FORTUNE -- Remember bookstores? Those adorable little places of curated and whimsy and fanciful stories? The place where we purchased books?
They're gone, mostly, and you can blame Amazon (AMZN). The $157 billion company got its start selling books online, happy to lose money while driving prices down, waiting for its brick-and-mortar competitors, with their thin margins and high overhead, to starve. They did, and Amazon won. The company has repeated this process for a number of other categories, to varying degrees of success. (Electronics, yes. Fashion, not so much.)
With Amazon Fire TV, announced yesterday, Amazon has its sights set on the gaming industry. The company's new Fire TV streaming system costs $99 and features, alongside ample video content, a suite of 100 games. That includes popular casual gaming titles like Minecraft and Monsters University, and other "high-quality, low-cost" hardcore games from Sega, EA (EA), Ubisoft, Telltale Games, and Gamelot. Users have the option to play games with the standard Fire TV remote, a smartphone app, or Amazon's newly revealed Fire game controller, which will retail for $39.99 starting in a month.
More meaningful than an inexpensive controller, or a game section in its service, is Amazon's new gaming studio. Amazon Game Studios is developing games exclusively for Fire TV, with a growing team: In February the company acquired a gaming studio with 75 employees called Double Helix. Today reports revealed Amazon hired Kim Swift, a designer of Portal, and Clint Hocking, a designer of Far Cry 2. Amazon Game Studios' first release is a game called Sev Zero, a third-person shooter game with the ability to go multiplayer. It looks and plays like the hardcore games from EA or Sega.
But in typical Amazon style, Sev Zero is a steal. The game only costs $6.99, and users who purchase the Fire game controller get it for free. Beyond that, the average price of paid games on Fire TV is just $1.85.
Compare that to the average price of videogames for Xbox (MSFT) or PlayStation (SNE). The latest World of Warcraft edition costs $49.99, or $69.99 if you upgrade to the digital deluxe edition. Grand Theft Auto V costs $54.99 for PlayStation 3. It's not clear if Amazon would convince those studios to include their games on Fire TV. Hardcore gamers will remain loyal to their systems and titles. But with Sev Zero and the host of low-cost games on Fire TV, Amazon is making a statement: The price of games will come down.
Compared with any other piece of digital media, from music, movies, and TV to news and books, games haven't taken a price hit with the shift to digital. With its entrance into the category, Amazon is likely to change that. Your move, game studios.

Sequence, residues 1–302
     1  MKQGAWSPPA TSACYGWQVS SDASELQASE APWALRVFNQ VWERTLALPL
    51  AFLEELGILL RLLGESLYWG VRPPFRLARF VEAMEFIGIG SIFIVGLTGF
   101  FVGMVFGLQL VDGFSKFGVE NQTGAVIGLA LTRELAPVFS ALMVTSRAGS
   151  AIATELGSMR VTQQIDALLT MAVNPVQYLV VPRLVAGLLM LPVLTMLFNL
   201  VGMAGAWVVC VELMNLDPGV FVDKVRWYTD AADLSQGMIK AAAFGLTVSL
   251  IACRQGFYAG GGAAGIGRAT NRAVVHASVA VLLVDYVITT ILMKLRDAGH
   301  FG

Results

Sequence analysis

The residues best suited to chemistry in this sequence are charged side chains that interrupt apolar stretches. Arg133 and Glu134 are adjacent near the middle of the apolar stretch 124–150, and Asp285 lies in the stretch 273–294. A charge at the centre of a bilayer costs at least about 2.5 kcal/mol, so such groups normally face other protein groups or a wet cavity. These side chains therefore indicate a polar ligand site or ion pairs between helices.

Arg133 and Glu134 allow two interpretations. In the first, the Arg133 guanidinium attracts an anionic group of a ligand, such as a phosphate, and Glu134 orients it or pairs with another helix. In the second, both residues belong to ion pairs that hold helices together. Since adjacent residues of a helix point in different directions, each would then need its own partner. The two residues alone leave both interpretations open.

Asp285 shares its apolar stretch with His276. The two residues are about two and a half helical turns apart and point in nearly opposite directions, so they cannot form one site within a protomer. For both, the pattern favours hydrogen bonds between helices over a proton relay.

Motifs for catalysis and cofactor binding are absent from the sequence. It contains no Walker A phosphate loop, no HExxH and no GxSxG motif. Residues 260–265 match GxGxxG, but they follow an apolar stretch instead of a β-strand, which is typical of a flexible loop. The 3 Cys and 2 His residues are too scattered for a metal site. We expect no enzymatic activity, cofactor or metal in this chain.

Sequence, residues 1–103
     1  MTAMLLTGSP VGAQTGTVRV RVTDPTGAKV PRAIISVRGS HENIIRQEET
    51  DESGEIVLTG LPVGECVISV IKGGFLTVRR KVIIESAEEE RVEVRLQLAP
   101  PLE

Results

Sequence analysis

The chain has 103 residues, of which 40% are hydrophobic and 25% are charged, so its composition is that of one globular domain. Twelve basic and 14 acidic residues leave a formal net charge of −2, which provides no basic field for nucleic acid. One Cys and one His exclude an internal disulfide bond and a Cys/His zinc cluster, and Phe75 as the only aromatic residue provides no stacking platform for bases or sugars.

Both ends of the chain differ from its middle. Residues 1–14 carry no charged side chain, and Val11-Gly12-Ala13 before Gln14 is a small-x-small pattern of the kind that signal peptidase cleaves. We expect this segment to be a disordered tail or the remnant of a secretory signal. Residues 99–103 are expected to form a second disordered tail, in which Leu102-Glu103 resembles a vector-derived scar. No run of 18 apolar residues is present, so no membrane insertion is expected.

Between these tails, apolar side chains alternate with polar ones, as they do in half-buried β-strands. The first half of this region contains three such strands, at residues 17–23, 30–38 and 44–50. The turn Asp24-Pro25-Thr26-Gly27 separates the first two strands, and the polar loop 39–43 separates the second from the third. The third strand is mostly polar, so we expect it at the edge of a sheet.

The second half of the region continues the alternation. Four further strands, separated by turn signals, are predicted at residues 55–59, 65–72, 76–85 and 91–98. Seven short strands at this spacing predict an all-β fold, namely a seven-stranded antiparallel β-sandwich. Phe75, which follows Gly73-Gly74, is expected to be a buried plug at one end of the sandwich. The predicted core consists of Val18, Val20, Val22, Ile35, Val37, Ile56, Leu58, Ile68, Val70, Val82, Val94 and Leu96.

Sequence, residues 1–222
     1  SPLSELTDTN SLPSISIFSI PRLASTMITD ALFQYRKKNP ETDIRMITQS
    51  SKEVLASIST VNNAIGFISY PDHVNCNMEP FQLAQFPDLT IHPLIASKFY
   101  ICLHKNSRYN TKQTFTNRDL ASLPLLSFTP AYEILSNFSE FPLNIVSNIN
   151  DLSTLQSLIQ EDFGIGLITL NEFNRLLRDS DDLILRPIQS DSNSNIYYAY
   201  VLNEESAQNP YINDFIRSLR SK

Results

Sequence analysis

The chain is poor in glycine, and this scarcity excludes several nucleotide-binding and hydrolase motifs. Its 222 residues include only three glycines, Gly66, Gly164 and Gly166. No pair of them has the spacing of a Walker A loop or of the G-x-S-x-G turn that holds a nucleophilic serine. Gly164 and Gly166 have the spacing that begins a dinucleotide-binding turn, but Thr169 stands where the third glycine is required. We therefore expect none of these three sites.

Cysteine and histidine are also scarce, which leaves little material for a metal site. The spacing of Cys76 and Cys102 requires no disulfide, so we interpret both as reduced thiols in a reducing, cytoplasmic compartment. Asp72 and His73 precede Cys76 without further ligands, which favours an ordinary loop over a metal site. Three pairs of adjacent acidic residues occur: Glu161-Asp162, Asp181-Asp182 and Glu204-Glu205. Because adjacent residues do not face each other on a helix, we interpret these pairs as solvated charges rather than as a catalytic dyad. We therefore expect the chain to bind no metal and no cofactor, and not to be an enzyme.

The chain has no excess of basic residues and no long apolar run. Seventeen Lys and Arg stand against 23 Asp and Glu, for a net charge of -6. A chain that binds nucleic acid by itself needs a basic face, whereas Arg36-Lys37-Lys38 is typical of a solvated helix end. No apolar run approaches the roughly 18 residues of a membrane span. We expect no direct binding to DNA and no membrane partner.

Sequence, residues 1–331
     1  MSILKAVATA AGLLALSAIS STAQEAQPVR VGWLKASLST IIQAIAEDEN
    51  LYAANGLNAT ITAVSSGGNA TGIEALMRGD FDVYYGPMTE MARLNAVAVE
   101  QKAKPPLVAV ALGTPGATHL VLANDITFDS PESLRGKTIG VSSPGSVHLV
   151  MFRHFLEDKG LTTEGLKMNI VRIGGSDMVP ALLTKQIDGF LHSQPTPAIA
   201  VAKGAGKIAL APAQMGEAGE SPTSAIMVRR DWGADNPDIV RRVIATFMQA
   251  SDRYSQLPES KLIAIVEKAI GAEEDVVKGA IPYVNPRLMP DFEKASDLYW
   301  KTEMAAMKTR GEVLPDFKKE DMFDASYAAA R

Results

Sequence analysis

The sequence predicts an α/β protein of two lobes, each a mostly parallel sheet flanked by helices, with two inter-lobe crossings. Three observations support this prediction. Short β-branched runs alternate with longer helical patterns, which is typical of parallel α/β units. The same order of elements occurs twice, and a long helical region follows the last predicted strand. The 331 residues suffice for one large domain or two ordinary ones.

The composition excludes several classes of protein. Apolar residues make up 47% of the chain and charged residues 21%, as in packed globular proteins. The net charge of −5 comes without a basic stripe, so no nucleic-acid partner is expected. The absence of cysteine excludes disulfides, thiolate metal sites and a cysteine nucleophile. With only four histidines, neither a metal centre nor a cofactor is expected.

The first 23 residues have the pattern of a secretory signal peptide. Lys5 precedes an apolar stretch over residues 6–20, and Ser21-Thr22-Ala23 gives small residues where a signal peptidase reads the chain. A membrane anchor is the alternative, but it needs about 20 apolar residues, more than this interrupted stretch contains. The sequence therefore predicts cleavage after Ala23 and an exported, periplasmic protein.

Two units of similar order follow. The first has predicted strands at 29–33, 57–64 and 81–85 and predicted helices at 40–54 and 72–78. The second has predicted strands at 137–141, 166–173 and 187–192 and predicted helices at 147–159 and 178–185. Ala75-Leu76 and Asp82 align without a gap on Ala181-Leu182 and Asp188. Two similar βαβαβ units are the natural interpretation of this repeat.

From New Orleans to Baton Rouge, game companies like Gameloft and Electronic Arts are setting up shop in Louisiana, and new startups are flourishing.
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A round-up of the companies, deals, and trends that made headlines.
Every day, the Fortune staff spends hours poring over tech stories, posts, and reviews from all over the Web to keep tabs on the companies that matter. We've assembled the day's most newsworthy bits below.Dozens of online stores -- including Toys 'R' Us, Barnes & Noble (BKS), and Radio Shack (RSH) -- have teamed up to launch a counter-offensive to Yahoo's MORE JP Mangalindan, Writer - Oct 6, 2010 6:45 AM ET
After years of stasis, Pandora is on the verge of being rewarded for recent growth with a fat check. But can Elevation Partners' Roger McNamee -- even with U2's Bono in the backseat -- pick a winner?
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Pandora, that online music station you likely have open in another tab right now, is on the verge of adopting a new sugardaddy. Elevation Partners, the venture capital firm most famous for its MOREAug 26, 2010 11:47 AM ET
Insiders explain why the future expansion of videogames with widespread appeal rests with Apple's already popular tablet
Since the first Game Boy hit our shores in 1989, gamers have used single-purpose devices for gaming on the go, a model most developers followed until 2007, when the iPhone took "walking-around" gaming mainstream. The smartphone's touch-screen interface, hardware, and widespread adoption means that both casual gamers and hardcore gamers could get their fix MOREJP Mangalindan, Writer - May 3, 2010 10:04 AM ET
>Mason Cohn, Producer - Dec 17, 2009 3:14 PM ET
By Yi-Wyn Yen
Perhaps the third time is the charm for Electronic Arts. After its offer expired Friday, the video game publisher extended for another month its $2 billion tender offer to Take-Two Interactive's shareholders.
Many industry watchers say that EA (ERTS) and Take-Two (TTWO) are working on a friendly deal behind the scenes. Take-Two, the publisher of Grand Theft Auto IV, admitted Monday that it is in "formal discussions" with interested buyers. MOREyiwyn - May 19, 2008 12:15 PM ET
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Electronic Arts is selling more video games than Wall Street expects, but that doesn't mean chief executive John Riccitiello is happy.
Nor are investors. EA's (ERTS) stock dropped more than 3% in after-hours trading Tuesday after the video game publisher reported a $94 million loss in its fiscal fourth quarter compared to a $25 loss in the same quarter last year. Revenue rose to $1.1 billion from $613 million, MOREyiwyn - May 13, 2008 8:25 PM ET
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